How to Design an FPGA Device Protection Network

Designs based on digital signal processors (DSPs) are particularly vulnerable if the DSP does not have adequate security capabilities. In many applications, advanced security features can be easily implemented if an FPGA is used in coordination to offload some of the DSP’s work. Moreover, if the cooperating FPGA uses flash storage technology, the configuration bit stream and key key information in the structure are stored on the chip, which can achieve inherent security against copying or cloning, enabling designers to automatically protect the design from these type of theft.

How to Design an FPGA Device Protection Network

DSP and FPGA System Architecture

In a system using an FPGA or DSP (Figure 1), the DSP implements advanced signal processing algorithms and the FPGA implements the front-end decimation. A high-speed serial RapidIO bus is used to connect the FPGA and DSP; the FPGA is also connected to the PCIe bus and is used as a remote access management port via the Internet.

The PCIe bus can also bridge traffic into and out of the RapidIO bus, with a view to connecting extended remote management to the DSP. The FPGA controls an external DDR3 DRAM, which serves as a buffer for packets sent and received over the wireless interface, and allows the FPGA to offload any low-level data protocol processing and buffer management functions from the DSP.

Wireless Communication System Using FPGA and DSP

The FPGA will also be responsible for “booting” the DSP from the external SPI Flash. The FPGA uses its own SPI memory as the source of the DSP code to map the boot process through the boot function from the DSP’s SPI port. Once the code transfer is complete, the FPGA allows the DSP to begin execution.

Secure Root

If the system does not protect the boot process, an intruder can replace it with their own code and then effectively hijack the entire system, which can result in damage to the system, significant financial loss, and possible personal liability. We must use a secure boot process to minimize such attacks, and a hardware root of trust is necessary to implement a secure boot process.

A hardware root of trust supports the verification of system data integrity and confidentiality, while extending this trust to internal and external entities. A hardware root of trust protects against hacking or modification, and can also serve as a starting point for securely laying out more advanced features. In embedded systems, the Root of Trust works with other system components to ensure that the main processor boots securely using only authorized codes, thereby extending the domain of trust to the processor and its applications.

The hardware Root of Trust must be built on a secure FPGA, and its configuration bitstream must be protected from copying or reverse engineering to prevent the Root of Trust from being compromised by malicious intruders. Therefore, protecting the intellectual property (IP) of the FPGA device is necessary to protect the rest of the embedded system.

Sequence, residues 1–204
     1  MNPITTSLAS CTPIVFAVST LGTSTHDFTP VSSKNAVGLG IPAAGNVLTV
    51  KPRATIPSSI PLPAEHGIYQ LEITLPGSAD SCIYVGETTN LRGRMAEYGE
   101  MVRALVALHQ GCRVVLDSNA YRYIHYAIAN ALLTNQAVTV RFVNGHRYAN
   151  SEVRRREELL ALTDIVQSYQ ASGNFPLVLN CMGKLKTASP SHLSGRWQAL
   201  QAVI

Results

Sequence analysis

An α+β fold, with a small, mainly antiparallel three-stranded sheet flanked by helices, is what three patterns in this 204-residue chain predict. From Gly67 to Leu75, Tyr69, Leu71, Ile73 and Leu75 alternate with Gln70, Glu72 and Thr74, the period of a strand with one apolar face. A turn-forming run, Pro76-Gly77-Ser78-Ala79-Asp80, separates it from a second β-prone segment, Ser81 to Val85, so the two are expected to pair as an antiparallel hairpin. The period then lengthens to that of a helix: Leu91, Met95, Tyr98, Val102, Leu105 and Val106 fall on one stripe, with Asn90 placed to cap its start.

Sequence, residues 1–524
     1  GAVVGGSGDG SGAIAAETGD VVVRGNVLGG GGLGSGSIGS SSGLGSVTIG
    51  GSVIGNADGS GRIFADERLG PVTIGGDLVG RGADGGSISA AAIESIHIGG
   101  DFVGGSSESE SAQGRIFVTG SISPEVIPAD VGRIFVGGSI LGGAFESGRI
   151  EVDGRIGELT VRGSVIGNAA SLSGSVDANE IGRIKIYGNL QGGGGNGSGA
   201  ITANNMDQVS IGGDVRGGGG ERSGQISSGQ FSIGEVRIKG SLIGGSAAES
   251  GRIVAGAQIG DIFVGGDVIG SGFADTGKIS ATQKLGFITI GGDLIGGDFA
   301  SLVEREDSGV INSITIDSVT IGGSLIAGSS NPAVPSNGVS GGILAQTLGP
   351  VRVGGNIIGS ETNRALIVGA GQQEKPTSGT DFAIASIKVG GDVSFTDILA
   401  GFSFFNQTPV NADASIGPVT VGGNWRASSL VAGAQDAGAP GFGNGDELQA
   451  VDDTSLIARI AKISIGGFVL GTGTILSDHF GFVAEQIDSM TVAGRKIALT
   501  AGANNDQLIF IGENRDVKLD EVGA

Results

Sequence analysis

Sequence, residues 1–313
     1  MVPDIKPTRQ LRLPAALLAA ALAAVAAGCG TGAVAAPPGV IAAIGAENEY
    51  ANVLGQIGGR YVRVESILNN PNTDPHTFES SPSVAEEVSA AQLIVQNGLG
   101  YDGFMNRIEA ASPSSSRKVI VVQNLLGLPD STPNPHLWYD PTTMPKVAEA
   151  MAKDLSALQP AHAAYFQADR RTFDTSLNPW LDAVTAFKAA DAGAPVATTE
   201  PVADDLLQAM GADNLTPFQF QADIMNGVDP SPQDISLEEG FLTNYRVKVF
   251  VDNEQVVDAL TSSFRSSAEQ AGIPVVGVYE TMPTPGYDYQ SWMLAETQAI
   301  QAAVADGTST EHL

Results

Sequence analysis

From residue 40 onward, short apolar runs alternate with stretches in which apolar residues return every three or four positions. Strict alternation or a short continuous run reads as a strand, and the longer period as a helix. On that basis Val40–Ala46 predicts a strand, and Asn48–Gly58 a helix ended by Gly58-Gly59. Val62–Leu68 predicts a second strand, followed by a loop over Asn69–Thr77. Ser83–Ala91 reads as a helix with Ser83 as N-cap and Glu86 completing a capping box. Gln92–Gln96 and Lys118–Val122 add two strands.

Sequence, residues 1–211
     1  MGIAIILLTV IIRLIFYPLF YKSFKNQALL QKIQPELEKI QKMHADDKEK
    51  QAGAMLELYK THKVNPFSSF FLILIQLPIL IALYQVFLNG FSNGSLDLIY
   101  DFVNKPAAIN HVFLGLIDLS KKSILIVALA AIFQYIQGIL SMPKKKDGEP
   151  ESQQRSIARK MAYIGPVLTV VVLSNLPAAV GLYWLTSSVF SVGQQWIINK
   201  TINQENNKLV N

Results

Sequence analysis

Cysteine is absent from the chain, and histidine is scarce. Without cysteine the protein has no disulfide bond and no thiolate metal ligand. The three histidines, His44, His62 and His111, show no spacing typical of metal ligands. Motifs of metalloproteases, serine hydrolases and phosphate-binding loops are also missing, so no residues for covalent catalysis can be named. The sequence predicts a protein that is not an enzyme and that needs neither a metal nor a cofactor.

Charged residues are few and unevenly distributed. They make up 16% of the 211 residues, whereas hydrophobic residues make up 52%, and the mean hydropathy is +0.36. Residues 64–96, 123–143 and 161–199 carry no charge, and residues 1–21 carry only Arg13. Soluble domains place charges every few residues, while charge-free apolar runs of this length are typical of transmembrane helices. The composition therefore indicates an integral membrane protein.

Safety Requirements for Multi-Stage Boot Processes

Initialization of the embedded processing system from other parts requires a secure boot process to execute trusted code that is not affected by malicious content or leaks. Figure 2 shows the various stages that a secure boot process must go through to adequately protect the initialization of an embedded system. Each stage must be verified by the previous successful stage to ensure a “chain-of-trust” up to the top application layer.

The unmodifiable bootloader (stage 0) code can be embedded in the FPGA device and verified through a secure root of trust using protected security keys and associated security algorithms to ensure code integrity and authenticity. Before transferring code and execution to the sequential stages of each secure boot, these stages must be verified by a previously trusted system.

Overview of the Multi-Level Secure Boot Process

Implementing secure embedded systems

Encrypting the bitstream data is a common method of protecting the configuration bitstream used for power-up, as it is for SRAM-based FPGAs. This makes it more difficult to capture the bitstream just by observation during configuration startup. The decryption key is stored in the FPGA and is used to decrypt data before configuring the FPGA. Batteries are usually required to retain security keys in the event of a power loss.

Another way to protect the FPGA configuration bitstream is to use non-volatile memory to store it entirely on-chip, avoiding exposure during startup. Some FPGA devices, such as Microsemi’s SmartFusion2 and IGLOO2 families, also provide additional protection by encrypting the bitstream when programmed during manufacturing. This also protects the design from duplication or reverse engineering by unscrupulous contract manufacturers, which would compromise the required hardware root of trust.

Once we have created a secure FPGA, the next major requirement is to implement a hardware root of trust. The FPGA must protect the security key and the on-chip immutable initial stage (Phase 0) bootloader, making them completely impossible to attack or modify by malicious intruders.

If a Flash-based FPGA is used to store immutable code and security keys on-chip, the configuration bitstream can also be loaded via the configuration process for security. The security key is only a small part of the overall design, however, it is very important to protect the design from other forms of attack.

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